Sina Queyras of Lemon Hound asked me to respond to her questionnaire about reviewing, which I gladly did:
LH: Is there a quality you are looking for in a review that you haven’t found?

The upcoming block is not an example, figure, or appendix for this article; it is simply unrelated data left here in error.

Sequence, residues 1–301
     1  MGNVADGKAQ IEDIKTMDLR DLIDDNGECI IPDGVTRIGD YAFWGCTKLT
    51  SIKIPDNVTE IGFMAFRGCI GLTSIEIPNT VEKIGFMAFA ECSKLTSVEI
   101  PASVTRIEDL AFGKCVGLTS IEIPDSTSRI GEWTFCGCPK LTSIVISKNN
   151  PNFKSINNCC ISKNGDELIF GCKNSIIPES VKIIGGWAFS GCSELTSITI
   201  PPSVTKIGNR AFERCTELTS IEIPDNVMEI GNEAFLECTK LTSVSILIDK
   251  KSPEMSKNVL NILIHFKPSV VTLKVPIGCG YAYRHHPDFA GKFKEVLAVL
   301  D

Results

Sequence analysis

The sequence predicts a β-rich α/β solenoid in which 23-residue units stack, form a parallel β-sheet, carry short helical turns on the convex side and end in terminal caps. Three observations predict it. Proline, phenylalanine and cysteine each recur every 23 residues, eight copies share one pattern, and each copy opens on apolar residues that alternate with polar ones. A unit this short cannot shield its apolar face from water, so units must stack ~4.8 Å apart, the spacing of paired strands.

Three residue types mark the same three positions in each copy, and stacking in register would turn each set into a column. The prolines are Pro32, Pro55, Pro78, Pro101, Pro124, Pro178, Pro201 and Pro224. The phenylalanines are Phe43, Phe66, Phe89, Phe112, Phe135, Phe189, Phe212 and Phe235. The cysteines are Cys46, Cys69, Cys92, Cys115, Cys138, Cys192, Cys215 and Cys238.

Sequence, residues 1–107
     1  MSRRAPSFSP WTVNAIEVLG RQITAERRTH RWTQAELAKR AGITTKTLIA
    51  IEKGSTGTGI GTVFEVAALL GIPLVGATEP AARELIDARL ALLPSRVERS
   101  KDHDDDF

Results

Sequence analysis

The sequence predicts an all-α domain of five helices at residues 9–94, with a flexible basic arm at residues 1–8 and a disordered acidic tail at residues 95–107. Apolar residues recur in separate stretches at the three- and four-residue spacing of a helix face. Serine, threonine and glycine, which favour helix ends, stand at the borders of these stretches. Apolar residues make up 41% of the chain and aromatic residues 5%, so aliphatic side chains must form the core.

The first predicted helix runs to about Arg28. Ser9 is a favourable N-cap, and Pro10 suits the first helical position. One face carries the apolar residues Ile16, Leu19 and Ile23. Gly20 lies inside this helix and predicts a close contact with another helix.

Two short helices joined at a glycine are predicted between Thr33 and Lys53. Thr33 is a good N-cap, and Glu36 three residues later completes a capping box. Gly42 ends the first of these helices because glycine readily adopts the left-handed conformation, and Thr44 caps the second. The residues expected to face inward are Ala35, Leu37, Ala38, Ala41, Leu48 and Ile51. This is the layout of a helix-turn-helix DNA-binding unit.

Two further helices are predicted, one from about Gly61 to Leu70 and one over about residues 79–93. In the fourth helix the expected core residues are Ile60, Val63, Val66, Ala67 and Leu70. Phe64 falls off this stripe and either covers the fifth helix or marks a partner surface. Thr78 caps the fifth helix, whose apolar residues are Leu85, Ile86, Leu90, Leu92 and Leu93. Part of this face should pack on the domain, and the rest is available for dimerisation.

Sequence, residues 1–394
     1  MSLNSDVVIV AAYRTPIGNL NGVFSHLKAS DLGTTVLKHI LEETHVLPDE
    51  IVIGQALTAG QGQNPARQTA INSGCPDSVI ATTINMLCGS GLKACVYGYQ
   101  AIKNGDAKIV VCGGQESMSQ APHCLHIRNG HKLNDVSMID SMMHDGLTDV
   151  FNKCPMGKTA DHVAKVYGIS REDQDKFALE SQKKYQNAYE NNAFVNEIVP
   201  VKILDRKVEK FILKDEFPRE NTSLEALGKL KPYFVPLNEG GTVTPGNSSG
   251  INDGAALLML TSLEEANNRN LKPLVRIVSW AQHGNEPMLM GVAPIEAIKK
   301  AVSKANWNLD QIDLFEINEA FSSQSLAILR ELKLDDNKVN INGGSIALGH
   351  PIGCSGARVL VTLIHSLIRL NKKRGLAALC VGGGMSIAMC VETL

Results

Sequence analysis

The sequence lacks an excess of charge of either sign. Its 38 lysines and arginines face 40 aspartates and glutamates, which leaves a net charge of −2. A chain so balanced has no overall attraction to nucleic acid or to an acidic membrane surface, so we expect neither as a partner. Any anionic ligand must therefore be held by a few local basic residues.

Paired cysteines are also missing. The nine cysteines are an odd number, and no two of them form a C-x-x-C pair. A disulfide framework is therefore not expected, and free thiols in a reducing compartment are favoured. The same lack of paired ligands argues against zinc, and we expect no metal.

TD: I think it is less that there is a quality in reviews that I haven’t found, and more a sense that the review, as a form of criticism, should whither. In fact, what I really want more of are forms of literature that enfold their critical reception, and especially their reception as it is inflected through community, friendship, and civic responsibility. What if the poetry book included the review (the blurb is an unsubtle device gesturing at this)? What if the book disappeared into its reception and distribution as, for instance, Tan Lin’s Seven Controlled Vocabularies seems to do in some ways. What if, in other words, the work itself started to constitute an act of meta-discourse that intends to present its role in exchange, community, correspondence, reception, distribution, and its complicity in all of these events. What if distributed authorship (or choral modes of criticism—a term I have been using recently to describe a recent trend within contemporary poetry) made the perceived object disappear, dissolved in a network of others, in becoming, in archive and collective performance and the desire for emergent modes and models of subjectivity? Perhaps, for many of us, that is what the poem already is. Though there is nothing announcing this formal quality through its context within a book, magazine, or wherever else the poem may be encountered. The problem I’m identifying involves a crisis of the media itself, which continues to ‘implode’ in relation to the US’s current oligarchic political system, but perhaps also points to the unsustainability of anything which does not acknowledge its connectivity through higher forms of organization, systematicity, and corporatization.